Remember many years ago when some people had to carry pagers as part of their job? These poor individuals were on call outside of work hours and were paid a little extra for the inconvenience. I felt sorry for my friends ‘on call’ as they had to stay sober and not allow the weekend to simply unfold.
So what’s the point of this post?
Now for some reason, people are staying ‘switched on’ to social media twenty-four/seven, and worse still, expect you to be as well. They’ve chosen to be slaves to the ‘latest notification’ – just as if they had a job that depended on it. They’re phones demand them to be.
So why am I winging about other people’s habits?
I had a normal morning. I dropped my husband at work, went for a swim, did some light shopping, and then came home and logged on to the web at about 11am. Two tweets were waiting for me from the same person. The first asked me about my view on politics here in Australia. The second was sent twenty minutes later, pondering why I didn’t respond to the first.
I sat wondering how to reply until I just simply wrote ‘I don’t live on the internet’.
A brief history of our use of our phone.
When my partner and I first entered the world of the mobile phone (or cell phone), it sat in the drawer and only came out when we needed it. We didn’t give out the number as it was rarely with us. In our view, we didn’t want to be disturbed when we were out enjoying ourselves.
Then we met a Gen Y who’s main way of contact was through our mobile. So it travelled with us when we were out. Still, our friends thought it was odd that we shared one phone between us. We’d reply that we both know the same people and, as we were joined at the hip, any contact for either myself or my partner was really for us both.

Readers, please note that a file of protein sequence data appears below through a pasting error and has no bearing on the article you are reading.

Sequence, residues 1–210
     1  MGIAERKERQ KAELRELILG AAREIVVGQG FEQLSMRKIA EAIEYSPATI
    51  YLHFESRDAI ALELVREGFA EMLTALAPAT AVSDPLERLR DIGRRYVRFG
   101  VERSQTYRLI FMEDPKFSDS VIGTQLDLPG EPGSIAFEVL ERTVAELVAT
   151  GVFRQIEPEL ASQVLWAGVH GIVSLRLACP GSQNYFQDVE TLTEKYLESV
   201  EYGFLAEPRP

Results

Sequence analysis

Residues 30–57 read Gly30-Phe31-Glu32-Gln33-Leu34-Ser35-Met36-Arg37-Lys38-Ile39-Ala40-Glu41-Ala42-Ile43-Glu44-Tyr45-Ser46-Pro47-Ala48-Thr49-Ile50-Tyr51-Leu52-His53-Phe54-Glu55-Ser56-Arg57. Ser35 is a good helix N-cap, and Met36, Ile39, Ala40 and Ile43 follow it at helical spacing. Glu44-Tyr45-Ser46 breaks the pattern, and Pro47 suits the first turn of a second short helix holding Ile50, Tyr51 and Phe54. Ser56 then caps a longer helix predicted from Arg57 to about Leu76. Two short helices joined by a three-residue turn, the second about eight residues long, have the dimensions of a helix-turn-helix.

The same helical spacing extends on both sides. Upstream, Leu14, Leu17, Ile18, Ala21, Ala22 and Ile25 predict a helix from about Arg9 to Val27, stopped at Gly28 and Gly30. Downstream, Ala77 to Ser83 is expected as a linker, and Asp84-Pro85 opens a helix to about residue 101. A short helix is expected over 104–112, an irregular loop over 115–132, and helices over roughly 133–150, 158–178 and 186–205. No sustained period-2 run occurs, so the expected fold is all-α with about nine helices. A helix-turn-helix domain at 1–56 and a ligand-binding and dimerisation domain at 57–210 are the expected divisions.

Is this a ‘thing’ now?
But still it’s a ‘do not disturb’ piece of hardware when we’re out socialising. The data is never kept on unless I actually want to read emails or catch up on social media. And as most of my cyber friends live in a totally different time zone, most of their status updates would wake us up in the middle of the night.
So why did this person believe it was my duty to respond instantly to his tweet? Go figure.
That’s one of the luxuries of the age we live in. When I’m living my life I’m there with the people around me. When I’m living my cyber life, I’m there with a wider world online. My two ‘lives’ have no reason to impact on each other. It’s totally of my choosing.
After all, responding to every notification twenty-four/seven is like living with Big Brother.